Look, we’re not lawyers, so perhaps we’re making too big a leap here…?
But one opinion in particular today jumped out at us, because it really seems like a doozy.
It’s part of a 5-4 ruling that tax breaks given by the state of Montana to people funding scholarships to private schools could, and maybe even have to, apply to religious schools too.
Chief Justice John Roberts wrote the majority opinion, which we’ll get back to before our work is done today.
But what we’re mostly focused on is a concurring opinion by Justice Clarence Thomas and joined by Justice Neil Gorsuch. (Which starts at p. 26 if you’re following along.)
Justice Thomas states:
“The [Establishment] Clause [of the Constitution] served only to “protec[t] States, and by extension their citizens, from the imposition of an established religion by the Federal Government.” (His emphasis.)
“The modern view, which presumes that States must remain both completely separate from and virtually silent on matters of religion to comply with the Establishment Clause, is fundamentally incorrect. Properly understood,the Establishment Clause does not prohibit States from favoring religion. They can legislate as they wish, subject only to the limitations in the State and Federal Constitutions.” (Our emphasis.)
So it’d be OK for states to pass legislation favoring a certain religion, in effect making it the official religion of that state? (We don’t know, that’s why we’re asking).
Thomas concludes in a way that seems to us even more ominous:
“The Free Exercise Clause, although enshrined explicitly in the Constitution, rests on the lowest rung of the Court’s ladder of rights, and precariously so at that. Returning the Establishment Clause to its proper scope will not completely rectify the Court’s dispar-ate treatment of constitutional rights, but it will go a long way toward allowing free exercise of religion to flourish as the Framers intended. I look forward to the day when the Court takes up this task in earnest.”
Just to clarify: the Establishment Clause and the Free Exercise Clause are both parts of the First Amendment of the Constitution, and they come one right after the other.
Here they are in their entirety:
“Congress shall make no law respecting an establishment of religion, or prohibiting the free exercise thereof….”
That’s it. That’s both. It’s that simple.
Or as Justice Breyer more completely explains:
“The First Amendment’s Free Exercise Clause guarantees the right to practice one’s religion. At the same time, its Establishment Clause forbids government support for religion. Taken together, the Religion Clauses have helped our Nation avoid religiously based discord while securing liberty for those of all faiths. This Court has long recognized that an overly rigid application of the Clauses could bring their mandates into conflict and defeat their basic purpose.”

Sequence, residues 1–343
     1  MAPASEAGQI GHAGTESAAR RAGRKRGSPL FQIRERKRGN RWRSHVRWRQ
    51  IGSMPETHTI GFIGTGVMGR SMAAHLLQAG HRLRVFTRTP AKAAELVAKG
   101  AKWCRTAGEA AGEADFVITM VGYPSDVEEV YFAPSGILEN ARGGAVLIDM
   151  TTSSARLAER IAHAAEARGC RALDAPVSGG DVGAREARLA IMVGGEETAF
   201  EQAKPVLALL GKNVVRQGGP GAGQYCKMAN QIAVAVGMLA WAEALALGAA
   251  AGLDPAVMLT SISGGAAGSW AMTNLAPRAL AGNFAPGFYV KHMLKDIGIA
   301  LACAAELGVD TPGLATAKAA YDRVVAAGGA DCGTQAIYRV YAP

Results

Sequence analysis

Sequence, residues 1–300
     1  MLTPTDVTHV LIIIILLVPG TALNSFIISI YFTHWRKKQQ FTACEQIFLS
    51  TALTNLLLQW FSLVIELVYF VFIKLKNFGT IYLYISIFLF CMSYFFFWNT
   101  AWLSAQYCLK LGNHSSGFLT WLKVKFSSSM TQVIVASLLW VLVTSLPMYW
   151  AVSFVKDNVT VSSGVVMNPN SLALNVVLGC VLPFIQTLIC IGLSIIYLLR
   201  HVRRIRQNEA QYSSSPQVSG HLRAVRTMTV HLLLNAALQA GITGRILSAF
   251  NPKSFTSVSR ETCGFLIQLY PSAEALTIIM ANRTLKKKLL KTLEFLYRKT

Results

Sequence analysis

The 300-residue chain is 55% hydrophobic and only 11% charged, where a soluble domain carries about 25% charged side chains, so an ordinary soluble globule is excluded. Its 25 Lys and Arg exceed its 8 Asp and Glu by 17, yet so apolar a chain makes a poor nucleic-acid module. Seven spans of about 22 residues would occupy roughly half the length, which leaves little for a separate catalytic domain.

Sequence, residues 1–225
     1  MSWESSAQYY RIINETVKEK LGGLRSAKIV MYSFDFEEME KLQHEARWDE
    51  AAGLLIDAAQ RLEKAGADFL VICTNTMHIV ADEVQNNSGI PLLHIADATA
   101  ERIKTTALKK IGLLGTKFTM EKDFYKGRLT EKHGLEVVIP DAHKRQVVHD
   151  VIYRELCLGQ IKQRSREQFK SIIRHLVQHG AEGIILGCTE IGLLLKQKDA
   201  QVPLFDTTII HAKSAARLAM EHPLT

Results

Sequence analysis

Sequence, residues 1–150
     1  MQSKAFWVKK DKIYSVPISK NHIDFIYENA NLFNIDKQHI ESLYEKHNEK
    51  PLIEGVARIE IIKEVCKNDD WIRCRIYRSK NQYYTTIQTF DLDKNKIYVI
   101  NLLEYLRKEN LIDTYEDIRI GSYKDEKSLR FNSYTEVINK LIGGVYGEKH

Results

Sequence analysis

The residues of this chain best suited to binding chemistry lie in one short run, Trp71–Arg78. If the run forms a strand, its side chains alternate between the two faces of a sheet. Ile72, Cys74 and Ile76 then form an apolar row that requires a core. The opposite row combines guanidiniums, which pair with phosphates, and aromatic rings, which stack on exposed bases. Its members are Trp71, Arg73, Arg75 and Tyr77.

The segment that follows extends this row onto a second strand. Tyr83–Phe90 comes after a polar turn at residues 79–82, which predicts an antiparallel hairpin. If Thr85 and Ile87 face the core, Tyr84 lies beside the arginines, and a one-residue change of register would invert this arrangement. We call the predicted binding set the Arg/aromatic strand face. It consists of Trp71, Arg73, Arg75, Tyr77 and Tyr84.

So how does that lead to the path that Justice Thomas asserts results in the:
“Repeated denigration of those who continue to adhere to traditional moral standards“?
One further note: in making this specific contention, Thomas points immediately and directly to the famous “Masterpiece Cakeshop” decision, in which a Colorado baker refused to make a wedding cake for a same-sex couple. Interesting he cites that particular case as evidence of deficiency in “free exercise”, since the cake shop owner prevailed in a 7-2 ruling.
Meanwhile, going back to the main opinion in the ruling by Justice Roberts: he writes:
“The question for this Court is whether the Free Exercise Clause precluded the Montana Supreme Court from applying Montana’s no-aid provision to bar religious schools from the scholarship program.”
And he refers to a “‘play in the joints’ between what the Establishment Clause permits and the Free Exercise Clause compels.”
“We have repeatedly held that the Establishment Clause is not offended when religious observers and organizations benefit from neutral government programs.”
Chief Justice Roberts then goes on to make a finessed argument, largely aimed at making a distinction (in our reading) between a school that may “have a religious nature” as differentiated with a school that may exist for an “essentially religious endeavor”. Concluding that while a state has no inherent commitment to help fund private education, once it does, it cannot “disqualify some private schools solely because they are religious.”
Fair enough. Maybe. And while he bases his opinion on some relatively recent court decisions, he also digs back into the 1940s in finding precedent.
And then there’s also Justice Alito’s separate concurring option, which goes back even further than that. Focusing on a failed 1876 amendment. From which he launches into a lengthy dissertation about a history of discrimination against certain religions or sects, especially Catholicism. (He even includes a discriminatory cartoon.) And that remnants of that discrimination continue to exist in many state laws, even more than a century later. So decisions being handed down today must be viewed through the lens of that distant ignoble past.
We’re not going to opine on whether that’s valid or not. Merely observe that argument from Justice Alito struck us as odd given that he was among those Justices who gutted the Voting Rights Act 7 years ago, on the reasoning that it’s unfair to continue to view the systemic discrimination and racism in certain states half a century ago through the lens of today.
So at least part of the court–and a very vocal part–now seems to be saying it sees an active, continuing attack in this country on religion, (which in Justice Thomas’ opinion at least needs to be fiercely and even more aggressively remedied), but not on voting rights?
Guess the way one sees things depends on where one sits.